- Associated Press - Saturday, November 30, 2013

CHARLOTTESVILLE, Va. — Trey Edmunds wasn’t able to celebrate, but he was a big reason whyVirginia Tech left Scott Stadium feeling good.

Edmunds took a short pass from Logan Thomas, broke a tackle and then dodged a few more defenders on a 26-yard touchdown play Saturday night, helping the Hokies beat their in-state rival for the 10th consecutive time, 16-6.

“He just made a great run after the catch,” Thomas said. “That’s what we’ve got to have to score touchdowns.”

Edmunds later broke the tibia in his right leg, an injury that will require surgery and sideline him for 12-18 weeks.

But his touchdown just before halftime and three first-half field goals from former walk-on Eric Kristensen were enough for the Hokies (8-4, 5-3 Atlantic Coast Conference), some of whom learned before the game that their hopes of playing in the league championship game were dashed when Duke beat North Carolina 27-25 to win the Coastal Division.

Clearly, they didn’t let it dampen their enthusiasm for beating the Cavaliers for the 14th time in 15 games.

“The few players that knew felt like this game was just as important for us,” linebacker Jack Tyler said. “We knew we had to get this win for our program and our fans. This was more important for us than Duke winning or Duke losing.”

The Hokies also pulled out all the stops, running a reverse that led to a handoff and then a pass to Thomas, an onside kick which the Hokies recovered and a reverse on a kickoff return that allowed them to get the ball out to the 30 yard line.

Hokies coach Frank Beamer said the day was all about beating Virginia, and nothing else.

“I didn’t know until I walked in after the game” that Duke had won, Beamer said.

The Cavaliers (2-10, 0-8) lost their ninth straight overall this season and for the 18th time in their last 22 games, and used the same recipe that has plagued them throughout. They forced two turnovers, but scored no points off either, leaving them with just 13 points scored off 21 takeaways this year. They also squandered a late offensive series when Greyson Lambert threw an interception.

All the scoring came in the first half on a frigid day at Scott Stadium, and with the Hokies’ ACC title shot gone, and discontent among Virginia fans, fans’ enthusiasm waned as the game wore on.

Curious game management by Virginia late in the first half also caused some consternation.

Max Valles sacked Thomas — one of five sacks for the Cavaliers — and forced a fumble late in the half, and Brent Urban recovered for Virginia at the Hokies’ 34. After Kevin Parks lost a yard, David Watford threw incomplete to Darius Jennings and then to Jake McGee, and with just over a minute to play, Virginia opted to try to cash in on the turnover and go for it on fourth-and-11. Watford, however, badly overthrew E.J. Scott deep downfield and the Hokies took over with 1:04 on the clock.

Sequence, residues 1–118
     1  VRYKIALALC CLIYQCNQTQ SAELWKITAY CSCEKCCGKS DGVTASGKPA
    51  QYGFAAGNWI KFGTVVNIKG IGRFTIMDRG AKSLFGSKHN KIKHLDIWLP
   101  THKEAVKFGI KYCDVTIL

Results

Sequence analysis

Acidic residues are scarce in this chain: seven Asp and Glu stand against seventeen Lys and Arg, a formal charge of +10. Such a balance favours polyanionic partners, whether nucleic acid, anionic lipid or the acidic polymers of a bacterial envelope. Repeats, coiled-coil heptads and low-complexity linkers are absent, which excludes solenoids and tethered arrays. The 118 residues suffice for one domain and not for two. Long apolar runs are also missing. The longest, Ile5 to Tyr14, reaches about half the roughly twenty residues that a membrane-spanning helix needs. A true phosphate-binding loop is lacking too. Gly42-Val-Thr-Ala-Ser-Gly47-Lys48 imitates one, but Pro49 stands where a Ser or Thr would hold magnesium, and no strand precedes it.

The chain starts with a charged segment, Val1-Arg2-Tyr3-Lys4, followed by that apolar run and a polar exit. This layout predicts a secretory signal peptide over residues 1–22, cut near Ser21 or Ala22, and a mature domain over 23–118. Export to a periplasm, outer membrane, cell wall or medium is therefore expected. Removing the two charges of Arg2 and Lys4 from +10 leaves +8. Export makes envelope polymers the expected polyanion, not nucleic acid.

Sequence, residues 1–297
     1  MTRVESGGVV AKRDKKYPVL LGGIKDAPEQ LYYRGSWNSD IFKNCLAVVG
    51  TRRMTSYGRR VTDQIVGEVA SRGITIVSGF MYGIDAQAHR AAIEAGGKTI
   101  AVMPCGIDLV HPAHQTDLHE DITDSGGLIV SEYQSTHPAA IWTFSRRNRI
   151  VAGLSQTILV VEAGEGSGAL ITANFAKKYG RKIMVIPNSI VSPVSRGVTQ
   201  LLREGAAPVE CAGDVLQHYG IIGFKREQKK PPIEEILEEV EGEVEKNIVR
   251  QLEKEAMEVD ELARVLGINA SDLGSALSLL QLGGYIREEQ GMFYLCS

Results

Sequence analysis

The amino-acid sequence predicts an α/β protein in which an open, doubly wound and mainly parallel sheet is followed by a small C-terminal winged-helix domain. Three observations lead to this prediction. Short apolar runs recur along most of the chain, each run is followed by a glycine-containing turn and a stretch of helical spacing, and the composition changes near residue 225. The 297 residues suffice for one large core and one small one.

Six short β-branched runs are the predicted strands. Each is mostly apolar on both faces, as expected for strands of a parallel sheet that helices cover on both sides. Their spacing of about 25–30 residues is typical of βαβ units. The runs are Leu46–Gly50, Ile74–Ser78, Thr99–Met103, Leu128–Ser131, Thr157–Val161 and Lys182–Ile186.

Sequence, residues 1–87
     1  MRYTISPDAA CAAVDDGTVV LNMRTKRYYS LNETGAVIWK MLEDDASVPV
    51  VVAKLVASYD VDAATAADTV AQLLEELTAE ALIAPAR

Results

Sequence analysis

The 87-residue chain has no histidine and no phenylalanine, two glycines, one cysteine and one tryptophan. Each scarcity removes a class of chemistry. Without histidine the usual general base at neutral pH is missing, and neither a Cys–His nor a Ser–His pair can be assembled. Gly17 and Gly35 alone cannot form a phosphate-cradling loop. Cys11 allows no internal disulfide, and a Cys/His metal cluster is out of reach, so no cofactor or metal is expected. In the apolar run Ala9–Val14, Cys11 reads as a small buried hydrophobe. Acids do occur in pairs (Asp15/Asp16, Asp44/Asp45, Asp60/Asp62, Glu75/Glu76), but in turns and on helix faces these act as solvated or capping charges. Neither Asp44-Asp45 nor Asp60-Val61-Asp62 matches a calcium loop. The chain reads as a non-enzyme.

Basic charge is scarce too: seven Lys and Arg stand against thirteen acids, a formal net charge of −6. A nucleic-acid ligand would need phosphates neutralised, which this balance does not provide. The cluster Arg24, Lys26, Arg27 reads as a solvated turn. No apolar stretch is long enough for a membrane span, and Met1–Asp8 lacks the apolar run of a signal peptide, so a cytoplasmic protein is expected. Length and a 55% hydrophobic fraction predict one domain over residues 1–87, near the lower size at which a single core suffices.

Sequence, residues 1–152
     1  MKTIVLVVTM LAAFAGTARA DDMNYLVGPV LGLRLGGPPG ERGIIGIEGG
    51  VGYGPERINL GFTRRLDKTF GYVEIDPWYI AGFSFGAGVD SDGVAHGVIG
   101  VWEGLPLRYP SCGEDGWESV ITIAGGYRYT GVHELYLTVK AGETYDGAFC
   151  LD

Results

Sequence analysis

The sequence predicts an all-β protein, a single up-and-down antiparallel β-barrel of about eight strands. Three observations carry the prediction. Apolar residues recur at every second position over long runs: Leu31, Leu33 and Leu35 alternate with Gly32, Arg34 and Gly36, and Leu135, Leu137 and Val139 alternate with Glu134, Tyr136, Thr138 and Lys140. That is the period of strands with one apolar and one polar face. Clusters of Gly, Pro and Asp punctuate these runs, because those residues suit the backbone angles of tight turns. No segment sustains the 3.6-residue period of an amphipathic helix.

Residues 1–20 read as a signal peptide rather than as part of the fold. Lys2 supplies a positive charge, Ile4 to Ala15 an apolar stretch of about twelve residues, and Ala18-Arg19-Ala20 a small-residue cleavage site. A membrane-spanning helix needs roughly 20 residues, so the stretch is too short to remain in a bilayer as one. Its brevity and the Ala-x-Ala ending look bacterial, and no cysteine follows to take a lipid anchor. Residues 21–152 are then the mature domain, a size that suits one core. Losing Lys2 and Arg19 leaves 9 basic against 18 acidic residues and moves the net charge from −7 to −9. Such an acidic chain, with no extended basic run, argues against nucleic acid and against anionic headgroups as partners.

Thomas quickly hit Demitri Knowles for 15 yards to midfield, Kalvin Cline for 12 and Willie Byrn for 17 yards to the Cavaliers 26. After missing on two passes, Thomas hit Edmunds with a short dump pass, and Edmunds broke free from the grasp of linebacker Daquan Romero and slipped two more attempts at tackles and took it into the end zone.

The rest of the game was scoreless, and highlighted more of the issues that have plagued Virginia all season.

Kevin Parks did bust free for a 48-yard run with Virginia pinned deep in its own end in the fourth quarter, making him the first Cavaliers running back to go over 1,000 yards since Alvin Pearman in 2004, but on the next play, Lambert threw wide of Keeon Johnson and Kendall Fuller intercepted for the Hokies.

Lambert played the fourth quarter after David Watford, who started every game this season, completed 13 of 23 passes for 122 yards in the first three quarters, but twice saw drives inside the Hokies’ 20 stall, forcing field goal attempts.

The Hokies weren’t much better, but in what became a defensive struggle throughout the second half, the Hokies held the Cavaliers to 120 yards, making the lead more than ample. The Cavaliers never advanced beyond Tech’s 48 after halftime.

The game’s first four possessions all yielded field goals — of 22 and 30 yards by Eric Kristensen for the Hokies, who got the ball first, and kicks of 36 and 29 yards by the Cavaliers’ Alex Vozenilek.

Virginia finally forced the first punt and drove to the Hokies’ 33, but after considering a long field goal, Virginiapunted and the Hokies drove 67 yards to Kristensen’s go-ahead 38-yard field goal.

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